13
Aug
10

Defendor (2009)

I thought this was going to be comedy. I think most people will probably be disappointed with the fact that it really is not, but I’m not. This is a very rare product; a reality-based superhero movie. With all the over-saturation of superhero type movies lately, it’s nice to see a story like this that is not adapted from a comic-book.
Woody Harrelson continues to impress me with his growth as an actor (a lesser actor would fail at the subtleties that make this an interesting performance). He plays Arthur Poppington, a man who is “not all there upstairs,” who puts on a self-made uniform at night and protects whoever needs help from the ‘bad guys’. This is not Kick-Ass. It is not some fetishized comic-book romp. Defendor has its share of zaniness, but for the most part it is a straight take on the genre. Somewhat real characters in real (movie) situations.
At one point in the film, Arthur is required to undergo a psychiatric evaluation. The psychologist (Sandra Oh) makes a keen observation that most people like him because he is always honest. His worldview is unclouded by society; he lives in a very black-and-white ethical dimension. Lying is bad. Drugs are bad. Hurting people is bad, unless, of course, you are fighting back to save others.

I’m not sure why this movie resonated so much with me. The film takes a laughable, seemingly cliched premise loaded with opportunity for ridicule and irony and approaches it in a very simple, straight-forward way. Arthur/Defendor is given a clear origin for his crime-fighting motivation (spoiler withheld) and he will stop-at-nothing to find “Captain Industry” and bring him to Justice. And there are some relatively ingenious, low-tech ways he uses.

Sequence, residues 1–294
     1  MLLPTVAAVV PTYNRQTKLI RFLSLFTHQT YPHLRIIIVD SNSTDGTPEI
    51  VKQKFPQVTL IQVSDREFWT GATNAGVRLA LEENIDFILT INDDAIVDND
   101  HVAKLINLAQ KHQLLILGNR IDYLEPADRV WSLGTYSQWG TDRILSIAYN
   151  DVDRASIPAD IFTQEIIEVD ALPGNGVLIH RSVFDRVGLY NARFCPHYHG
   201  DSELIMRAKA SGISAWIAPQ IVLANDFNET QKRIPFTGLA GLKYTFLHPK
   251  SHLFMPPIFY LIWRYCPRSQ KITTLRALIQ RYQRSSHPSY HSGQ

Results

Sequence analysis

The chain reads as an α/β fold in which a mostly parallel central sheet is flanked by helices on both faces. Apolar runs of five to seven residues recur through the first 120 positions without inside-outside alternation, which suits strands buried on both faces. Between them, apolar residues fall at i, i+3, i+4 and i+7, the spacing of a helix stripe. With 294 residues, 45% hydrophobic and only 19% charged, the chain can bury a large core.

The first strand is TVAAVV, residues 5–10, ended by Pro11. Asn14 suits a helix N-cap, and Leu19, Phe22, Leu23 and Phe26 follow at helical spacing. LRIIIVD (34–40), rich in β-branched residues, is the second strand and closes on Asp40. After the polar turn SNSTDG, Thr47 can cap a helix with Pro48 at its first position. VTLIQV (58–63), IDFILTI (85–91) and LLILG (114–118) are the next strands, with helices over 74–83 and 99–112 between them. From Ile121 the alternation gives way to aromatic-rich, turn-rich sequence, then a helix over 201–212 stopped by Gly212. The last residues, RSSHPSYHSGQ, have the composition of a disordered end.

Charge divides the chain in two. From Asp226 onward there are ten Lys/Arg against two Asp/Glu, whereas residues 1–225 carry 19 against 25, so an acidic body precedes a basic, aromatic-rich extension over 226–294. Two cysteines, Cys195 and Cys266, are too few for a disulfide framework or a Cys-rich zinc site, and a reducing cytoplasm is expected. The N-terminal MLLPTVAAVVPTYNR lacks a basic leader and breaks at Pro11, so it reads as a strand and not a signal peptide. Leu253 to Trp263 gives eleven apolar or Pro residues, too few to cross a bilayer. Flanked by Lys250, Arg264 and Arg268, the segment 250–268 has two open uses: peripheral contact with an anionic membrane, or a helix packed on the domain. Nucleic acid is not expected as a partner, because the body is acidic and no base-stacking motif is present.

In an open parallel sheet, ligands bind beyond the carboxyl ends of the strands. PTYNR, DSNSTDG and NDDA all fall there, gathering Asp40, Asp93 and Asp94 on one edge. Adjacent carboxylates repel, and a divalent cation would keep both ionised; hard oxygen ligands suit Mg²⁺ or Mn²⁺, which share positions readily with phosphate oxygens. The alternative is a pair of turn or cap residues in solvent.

If anything the movie may veer into slight Forrest Gump territory in places (sans conservative political diatribes) using Arthur’s lack of insight as an excuse to move the plot forward quickly, but this is a genre film with its own limiting scope. Kat Dennings seems to be stretching here, with a couple of genuinely emotional scenes, but there something I can’t really figure out that hinders believing that she connects with the character relationship completely.
I definitely recommend this as an antidote to all those ‘wanna-be superhero movies’ that don’t quite live up. It’s not a masterpiece, but its a great character-driven piece that is, while indebted to its genre, relatively original in its conception. And, aside from everything else, this movie has Elias Koteas (always one of my favorites, even if he doesn’t have much to do here).

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